back to article Scotland's BIG question: Will independence cost me my broadband?

On 18 September, the people living in Scotland will vote in a referendum to decide if we should to slice the top off Great Britain and create a separate country. If that happens, and once the locals sober up, Scotland could be a country with universal broadband, a publicly owned postal service and mobile coverage which would be …

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  1. Phil W

    Realism

    I'm not fundamentally against Scottish independence nor am I particularly in favour of it (though personally if there has to be change I'm more in favour of greater national devolution and a more federalist UK). However the nut jobs in Scottish parliament seem to have no grasp of reality especially when it comes to their future economy.

    "The SBS would also inherit a proportionate share of the BBC’s commercial ventures, including BBC Worldwide Ltd, and their associated ongoing profits."

    So you want to separate yourselves from Britain and its government and public institutions such as the BBC but you want to keep your own replacement propped up with profits from BBC. Sure, that seems a totally fair and completely independent plan.

    What next? An independent Scotland should get a portion of UK licence payers money because those in Northern England can receive broadcasts from the newly formed SBS?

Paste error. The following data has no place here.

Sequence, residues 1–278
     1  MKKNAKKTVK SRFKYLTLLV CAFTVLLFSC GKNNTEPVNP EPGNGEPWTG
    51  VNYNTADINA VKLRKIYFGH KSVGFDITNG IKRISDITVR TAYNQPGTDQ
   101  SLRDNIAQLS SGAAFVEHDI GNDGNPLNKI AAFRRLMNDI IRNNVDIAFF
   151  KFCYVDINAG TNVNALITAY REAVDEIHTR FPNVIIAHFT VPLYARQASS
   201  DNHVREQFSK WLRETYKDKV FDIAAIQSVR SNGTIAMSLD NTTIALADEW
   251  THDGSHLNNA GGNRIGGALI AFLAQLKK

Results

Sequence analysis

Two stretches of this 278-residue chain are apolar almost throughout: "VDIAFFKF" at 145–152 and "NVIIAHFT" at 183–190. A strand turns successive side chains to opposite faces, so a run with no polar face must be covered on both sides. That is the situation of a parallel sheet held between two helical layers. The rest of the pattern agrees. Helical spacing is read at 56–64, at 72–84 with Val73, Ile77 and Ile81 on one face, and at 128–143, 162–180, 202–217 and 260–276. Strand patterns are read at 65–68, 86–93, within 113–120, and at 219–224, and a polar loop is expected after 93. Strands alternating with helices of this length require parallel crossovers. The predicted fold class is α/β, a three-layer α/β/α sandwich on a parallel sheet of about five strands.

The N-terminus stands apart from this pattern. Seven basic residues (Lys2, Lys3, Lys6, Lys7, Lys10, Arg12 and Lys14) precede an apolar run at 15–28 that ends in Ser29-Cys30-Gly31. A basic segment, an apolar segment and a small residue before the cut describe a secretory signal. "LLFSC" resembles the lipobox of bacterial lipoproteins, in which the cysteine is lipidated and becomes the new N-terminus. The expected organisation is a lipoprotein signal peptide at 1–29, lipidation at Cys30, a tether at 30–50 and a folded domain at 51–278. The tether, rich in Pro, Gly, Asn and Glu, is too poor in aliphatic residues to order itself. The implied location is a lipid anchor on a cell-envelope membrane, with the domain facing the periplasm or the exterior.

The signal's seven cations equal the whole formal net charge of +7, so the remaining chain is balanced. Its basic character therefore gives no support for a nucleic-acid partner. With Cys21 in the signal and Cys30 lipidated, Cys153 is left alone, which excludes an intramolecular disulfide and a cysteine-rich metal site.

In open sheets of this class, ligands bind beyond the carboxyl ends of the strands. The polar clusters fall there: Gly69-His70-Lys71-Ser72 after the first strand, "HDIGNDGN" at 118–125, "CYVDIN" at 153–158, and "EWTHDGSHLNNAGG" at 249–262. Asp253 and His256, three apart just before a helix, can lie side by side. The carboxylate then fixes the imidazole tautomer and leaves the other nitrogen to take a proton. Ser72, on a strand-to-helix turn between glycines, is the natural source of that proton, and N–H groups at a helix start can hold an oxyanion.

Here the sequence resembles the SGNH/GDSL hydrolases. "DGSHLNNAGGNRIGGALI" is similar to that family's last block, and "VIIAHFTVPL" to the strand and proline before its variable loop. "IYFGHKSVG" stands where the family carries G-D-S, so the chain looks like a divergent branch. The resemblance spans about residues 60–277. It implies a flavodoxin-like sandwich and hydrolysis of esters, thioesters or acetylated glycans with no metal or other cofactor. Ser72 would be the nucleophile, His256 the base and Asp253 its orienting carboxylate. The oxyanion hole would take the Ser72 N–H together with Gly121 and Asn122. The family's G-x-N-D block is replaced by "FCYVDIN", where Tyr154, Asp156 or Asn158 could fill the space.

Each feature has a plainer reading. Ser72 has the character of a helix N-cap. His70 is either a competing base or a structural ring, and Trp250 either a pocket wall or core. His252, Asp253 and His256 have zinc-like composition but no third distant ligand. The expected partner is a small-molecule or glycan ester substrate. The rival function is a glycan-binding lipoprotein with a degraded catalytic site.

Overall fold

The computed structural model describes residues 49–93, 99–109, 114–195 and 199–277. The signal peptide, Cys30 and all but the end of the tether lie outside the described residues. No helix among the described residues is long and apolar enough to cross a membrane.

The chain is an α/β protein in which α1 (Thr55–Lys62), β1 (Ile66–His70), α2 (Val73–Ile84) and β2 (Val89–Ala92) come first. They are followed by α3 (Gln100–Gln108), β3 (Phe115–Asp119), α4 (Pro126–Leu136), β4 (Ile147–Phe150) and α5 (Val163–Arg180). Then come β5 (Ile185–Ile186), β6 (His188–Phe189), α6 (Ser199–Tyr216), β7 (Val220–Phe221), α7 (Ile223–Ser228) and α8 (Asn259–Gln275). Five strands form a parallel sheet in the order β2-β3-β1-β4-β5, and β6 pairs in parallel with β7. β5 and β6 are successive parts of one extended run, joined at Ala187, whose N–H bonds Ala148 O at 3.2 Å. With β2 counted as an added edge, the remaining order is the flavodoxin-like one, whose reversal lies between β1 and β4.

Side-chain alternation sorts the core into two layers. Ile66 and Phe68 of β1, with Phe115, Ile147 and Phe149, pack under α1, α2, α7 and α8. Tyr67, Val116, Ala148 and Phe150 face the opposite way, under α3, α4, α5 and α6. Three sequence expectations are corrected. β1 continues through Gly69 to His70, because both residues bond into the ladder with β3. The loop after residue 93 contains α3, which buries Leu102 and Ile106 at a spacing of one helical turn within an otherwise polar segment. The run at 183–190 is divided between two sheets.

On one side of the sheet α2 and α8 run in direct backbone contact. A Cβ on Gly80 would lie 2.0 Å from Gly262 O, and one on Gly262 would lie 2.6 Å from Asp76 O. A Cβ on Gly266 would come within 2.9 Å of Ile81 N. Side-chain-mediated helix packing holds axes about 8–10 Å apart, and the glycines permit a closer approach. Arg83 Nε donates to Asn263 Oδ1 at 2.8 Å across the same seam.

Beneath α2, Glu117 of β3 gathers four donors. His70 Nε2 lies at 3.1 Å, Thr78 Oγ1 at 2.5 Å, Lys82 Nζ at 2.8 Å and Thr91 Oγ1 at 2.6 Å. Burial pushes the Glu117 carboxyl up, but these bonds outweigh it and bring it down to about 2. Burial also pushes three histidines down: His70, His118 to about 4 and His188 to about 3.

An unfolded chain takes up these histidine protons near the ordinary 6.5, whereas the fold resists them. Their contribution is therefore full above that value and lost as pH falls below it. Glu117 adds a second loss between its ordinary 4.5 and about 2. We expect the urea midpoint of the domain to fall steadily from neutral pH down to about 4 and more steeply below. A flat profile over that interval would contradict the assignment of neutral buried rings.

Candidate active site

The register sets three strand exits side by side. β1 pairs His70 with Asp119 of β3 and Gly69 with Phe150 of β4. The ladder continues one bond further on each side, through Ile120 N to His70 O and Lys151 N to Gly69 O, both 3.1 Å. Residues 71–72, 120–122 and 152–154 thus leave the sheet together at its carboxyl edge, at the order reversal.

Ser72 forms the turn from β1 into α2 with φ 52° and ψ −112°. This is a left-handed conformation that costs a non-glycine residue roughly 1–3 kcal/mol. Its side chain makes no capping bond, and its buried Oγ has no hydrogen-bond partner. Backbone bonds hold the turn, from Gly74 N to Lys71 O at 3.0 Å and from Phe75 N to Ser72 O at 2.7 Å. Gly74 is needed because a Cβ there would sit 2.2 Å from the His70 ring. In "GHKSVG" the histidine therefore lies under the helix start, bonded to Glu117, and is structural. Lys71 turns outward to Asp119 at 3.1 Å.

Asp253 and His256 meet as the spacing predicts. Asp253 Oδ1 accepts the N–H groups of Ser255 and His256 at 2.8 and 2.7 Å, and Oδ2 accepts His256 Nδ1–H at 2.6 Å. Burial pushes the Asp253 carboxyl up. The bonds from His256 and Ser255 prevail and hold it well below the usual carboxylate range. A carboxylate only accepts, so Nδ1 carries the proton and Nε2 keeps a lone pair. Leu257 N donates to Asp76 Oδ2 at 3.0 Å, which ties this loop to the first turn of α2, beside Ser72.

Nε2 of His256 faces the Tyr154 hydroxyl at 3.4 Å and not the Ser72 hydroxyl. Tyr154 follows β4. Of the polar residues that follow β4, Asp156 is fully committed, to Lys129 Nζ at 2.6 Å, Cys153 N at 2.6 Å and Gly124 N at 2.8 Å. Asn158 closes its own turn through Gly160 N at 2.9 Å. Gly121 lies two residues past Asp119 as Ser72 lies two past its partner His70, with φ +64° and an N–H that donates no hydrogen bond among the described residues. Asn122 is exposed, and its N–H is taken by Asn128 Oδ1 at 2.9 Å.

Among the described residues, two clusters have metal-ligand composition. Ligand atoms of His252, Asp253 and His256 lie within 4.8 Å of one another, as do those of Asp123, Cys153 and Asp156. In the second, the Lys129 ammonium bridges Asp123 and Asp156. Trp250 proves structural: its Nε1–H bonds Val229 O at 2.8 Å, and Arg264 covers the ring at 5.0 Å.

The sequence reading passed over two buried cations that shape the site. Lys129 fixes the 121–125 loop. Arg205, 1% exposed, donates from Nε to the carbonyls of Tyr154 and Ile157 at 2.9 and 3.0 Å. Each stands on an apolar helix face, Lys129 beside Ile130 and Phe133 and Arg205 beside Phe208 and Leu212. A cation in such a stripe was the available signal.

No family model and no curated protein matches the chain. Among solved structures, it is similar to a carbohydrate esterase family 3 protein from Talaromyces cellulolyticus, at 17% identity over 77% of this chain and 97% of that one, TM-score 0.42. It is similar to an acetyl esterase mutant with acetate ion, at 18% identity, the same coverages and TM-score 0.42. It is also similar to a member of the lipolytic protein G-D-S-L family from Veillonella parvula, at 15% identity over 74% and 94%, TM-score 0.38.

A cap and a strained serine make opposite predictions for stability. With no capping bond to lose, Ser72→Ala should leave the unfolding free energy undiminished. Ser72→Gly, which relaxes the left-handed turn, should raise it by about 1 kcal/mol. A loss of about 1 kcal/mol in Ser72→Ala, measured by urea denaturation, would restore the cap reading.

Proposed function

Combine that with other wonderful plans such as a pinning your national economic future to a currency union with the rest of the UK, which the UK government has already said they won't agree to, and you have the picture of an independent future of economic ruin and chaos.

    Proper planning prevents p*** poor performance and all that.

    1. Malcolm 1

      Re: Realism

      BBC Worldwide partially funds and then sells BBC programming worldwide (and any associated merchandising). So if BBC Scotland (or whatever it might be called) continues to produce saleable programming then it seems reasonable that they would be able to profit from worldwide sales via BBC Worldwide (although I guess BBCW would be under no obligation to do so).

      Not that I disagree with your other points.

      1. Phil W

        Re: Realism

        "BBC Worldwide partially funds and then sells BBC programming worldwide"

        Indeed, but does this mean that SBS is going to produce content and give it to BBC Worldwide, and receive profit share in return? Plausible I suppose but does that mean they still get profit share even if no-one outside Scotland or the rest of the UK wants the content they product?